Saturnalia is the best-known of several festivals in the Greco-Roman world characterized by role reversals and behavioral license. Slaves were treated to a banquet of the kind usually enjoyed by their masters. Ancient sources differ on the circumstances: some suggest that master and slave dined together, while others indicate that the slaves feasted first, or that the masters actually served the food. The practice may have varied over time, and in any case slaves would still have prepared the meal.


Saturnalian license also permitted slaves to enjoy a pretense of disrespect for their masters, and exempted them from punishment. It was a time for free speech: the Augustan poet Horace calls it "December liberty." In two satires set during the Saturnalia, Horace has a slave offer sharp criticism to his master. But everyone knew that the leveling of the social hierarchy was temporary and had limits; no social norms were ultimately threatened, because the holiday would end.


The toga, the characteristic garment of the male Roman citizen, was set aside in favor of the Greek synthesis, colourful "dinner clothes" otherwise considered in poor taste for daytime wear. Romans of citizen status normally went about bare-headed, but for the Saturnalia donned the pilleus, the conical felt cap that was the usual mark of a freedman. Slaves, who ordinarily were not entitled to wear the pilleus, wore it as well, so that everyone was "pilleated" without distinction.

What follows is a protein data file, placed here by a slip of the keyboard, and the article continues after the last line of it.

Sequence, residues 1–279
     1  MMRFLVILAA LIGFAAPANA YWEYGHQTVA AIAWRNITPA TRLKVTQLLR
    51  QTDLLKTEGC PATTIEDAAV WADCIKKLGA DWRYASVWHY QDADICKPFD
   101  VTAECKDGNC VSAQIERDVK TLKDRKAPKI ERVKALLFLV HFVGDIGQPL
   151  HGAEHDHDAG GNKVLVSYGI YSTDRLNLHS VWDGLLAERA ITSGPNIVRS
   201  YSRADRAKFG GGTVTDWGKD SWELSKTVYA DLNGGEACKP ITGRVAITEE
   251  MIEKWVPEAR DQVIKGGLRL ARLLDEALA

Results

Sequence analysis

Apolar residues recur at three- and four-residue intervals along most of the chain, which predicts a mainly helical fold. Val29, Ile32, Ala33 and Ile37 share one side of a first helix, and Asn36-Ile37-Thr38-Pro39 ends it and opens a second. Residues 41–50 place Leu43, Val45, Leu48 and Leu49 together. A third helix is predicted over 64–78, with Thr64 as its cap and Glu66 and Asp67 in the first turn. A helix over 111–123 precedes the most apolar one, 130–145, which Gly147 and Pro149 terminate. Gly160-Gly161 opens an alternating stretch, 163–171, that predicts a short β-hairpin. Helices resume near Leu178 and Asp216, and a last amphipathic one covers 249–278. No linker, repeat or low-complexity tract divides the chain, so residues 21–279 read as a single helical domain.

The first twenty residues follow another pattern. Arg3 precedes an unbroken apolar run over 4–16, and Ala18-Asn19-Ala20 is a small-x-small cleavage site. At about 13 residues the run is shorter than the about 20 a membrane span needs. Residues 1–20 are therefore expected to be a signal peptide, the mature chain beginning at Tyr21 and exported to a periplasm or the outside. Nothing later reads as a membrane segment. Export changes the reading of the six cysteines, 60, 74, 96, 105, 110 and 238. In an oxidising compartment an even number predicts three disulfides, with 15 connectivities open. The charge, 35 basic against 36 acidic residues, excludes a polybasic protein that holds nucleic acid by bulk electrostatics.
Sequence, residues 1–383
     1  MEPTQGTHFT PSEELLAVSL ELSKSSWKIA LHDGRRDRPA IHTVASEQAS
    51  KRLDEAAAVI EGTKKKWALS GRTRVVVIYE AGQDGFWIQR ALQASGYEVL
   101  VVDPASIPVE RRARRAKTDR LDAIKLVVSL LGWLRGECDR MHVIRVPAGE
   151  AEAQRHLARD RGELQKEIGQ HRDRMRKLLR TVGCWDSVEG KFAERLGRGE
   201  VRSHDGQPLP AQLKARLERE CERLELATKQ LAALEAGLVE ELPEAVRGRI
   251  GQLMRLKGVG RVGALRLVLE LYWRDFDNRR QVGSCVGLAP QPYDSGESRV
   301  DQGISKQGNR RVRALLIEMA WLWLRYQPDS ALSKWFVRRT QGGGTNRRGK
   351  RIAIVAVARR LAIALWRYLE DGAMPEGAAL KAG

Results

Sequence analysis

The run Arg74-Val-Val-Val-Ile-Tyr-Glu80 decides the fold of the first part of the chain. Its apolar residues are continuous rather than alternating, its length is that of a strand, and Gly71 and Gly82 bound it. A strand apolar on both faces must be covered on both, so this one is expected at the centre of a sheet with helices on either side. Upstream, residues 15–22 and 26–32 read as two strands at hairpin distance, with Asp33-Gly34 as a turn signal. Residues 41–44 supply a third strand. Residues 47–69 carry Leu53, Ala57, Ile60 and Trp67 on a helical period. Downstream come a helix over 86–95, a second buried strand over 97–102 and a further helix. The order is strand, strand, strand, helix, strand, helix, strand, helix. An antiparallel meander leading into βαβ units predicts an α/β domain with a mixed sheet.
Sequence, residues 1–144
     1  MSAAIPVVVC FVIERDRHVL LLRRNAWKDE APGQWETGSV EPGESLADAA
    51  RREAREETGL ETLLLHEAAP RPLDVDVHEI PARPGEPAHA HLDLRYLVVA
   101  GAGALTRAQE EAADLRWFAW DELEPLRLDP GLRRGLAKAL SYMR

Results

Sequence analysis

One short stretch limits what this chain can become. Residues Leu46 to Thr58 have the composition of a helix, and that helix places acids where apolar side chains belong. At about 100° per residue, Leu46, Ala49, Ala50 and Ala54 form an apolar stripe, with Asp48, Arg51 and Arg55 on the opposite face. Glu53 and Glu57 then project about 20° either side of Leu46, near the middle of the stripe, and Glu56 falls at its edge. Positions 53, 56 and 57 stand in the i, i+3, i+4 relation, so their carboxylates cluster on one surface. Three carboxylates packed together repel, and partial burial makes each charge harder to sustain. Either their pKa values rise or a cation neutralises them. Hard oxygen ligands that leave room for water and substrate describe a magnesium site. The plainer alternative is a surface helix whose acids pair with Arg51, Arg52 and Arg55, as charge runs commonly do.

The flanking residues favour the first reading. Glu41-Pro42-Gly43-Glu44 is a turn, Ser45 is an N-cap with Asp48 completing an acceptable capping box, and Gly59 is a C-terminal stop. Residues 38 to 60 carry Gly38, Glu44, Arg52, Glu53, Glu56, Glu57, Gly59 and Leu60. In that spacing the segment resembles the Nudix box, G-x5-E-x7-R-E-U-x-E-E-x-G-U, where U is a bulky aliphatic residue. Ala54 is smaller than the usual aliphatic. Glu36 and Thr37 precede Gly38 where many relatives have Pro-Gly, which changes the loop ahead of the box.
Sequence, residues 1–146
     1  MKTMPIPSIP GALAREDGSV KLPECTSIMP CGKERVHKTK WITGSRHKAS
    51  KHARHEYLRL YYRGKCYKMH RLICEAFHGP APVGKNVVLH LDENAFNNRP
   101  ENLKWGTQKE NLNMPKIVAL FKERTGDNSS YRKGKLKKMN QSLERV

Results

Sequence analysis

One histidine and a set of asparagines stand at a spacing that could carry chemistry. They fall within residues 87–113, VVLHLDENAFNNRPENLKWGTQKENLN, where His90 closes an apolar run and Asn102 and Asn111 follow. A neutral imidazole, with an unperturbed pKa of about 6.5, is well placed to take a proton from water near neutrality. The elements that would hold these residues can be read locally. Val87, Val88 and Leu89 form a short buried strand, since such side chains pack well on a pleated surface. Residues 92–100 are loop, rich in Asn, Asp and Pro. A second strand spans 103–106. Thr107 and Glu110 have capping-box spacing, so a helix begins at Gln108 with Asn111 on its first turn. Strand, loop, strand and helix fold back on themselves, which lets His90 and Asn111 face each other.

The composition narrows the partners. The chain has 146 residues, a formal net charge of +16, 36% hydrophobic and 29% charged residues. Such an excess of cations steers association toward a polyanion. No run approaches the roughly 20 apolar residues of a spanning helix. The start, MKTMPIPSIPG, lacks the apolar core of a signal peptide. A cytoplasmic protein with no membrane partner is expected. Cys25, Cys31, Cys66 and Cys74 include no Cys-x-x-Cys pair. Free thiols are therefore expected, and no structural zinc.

Gambling and dice-playing, normally prohibited or at least frowned upon, were permitted for all, even slaves. Coins and nuts were the stakes.


The exchange of gifts was universally practiced. The Sigillaria on December 23 was a day of gift-giving.


Because gifts of value would mark social status contrary to the spirit of the season, these were often the pottery or wax figurines called sigillaria made specially for the day, or "gag gifts", of which Augustus was particularly fond.


In his many poems about the Saturnalia, Martial names both expensive and quite cheap gifts, including writing tablets, dice, knucklebones, moneyboxes, combs, toothpicks, a hat, a hunting knife, an axe, various lamps, balls, perfumes, pipes, a pig, a sausage, a parrot, tables, cups, spoons, items of clothing, statues, masks, books, and pets.


Gifts might be as costly as a slave or exotic animal, but Martial suggests that token gifts of low intrinsic value inversely measure the high quality of a friendship.


Strenae, which were boughs to which were attached cakes or sweetmeats, were exchanged by visitors and guests.


Wax candles (cerei) were also given, symbolizing the quest for knowledge and truth (enlighenment).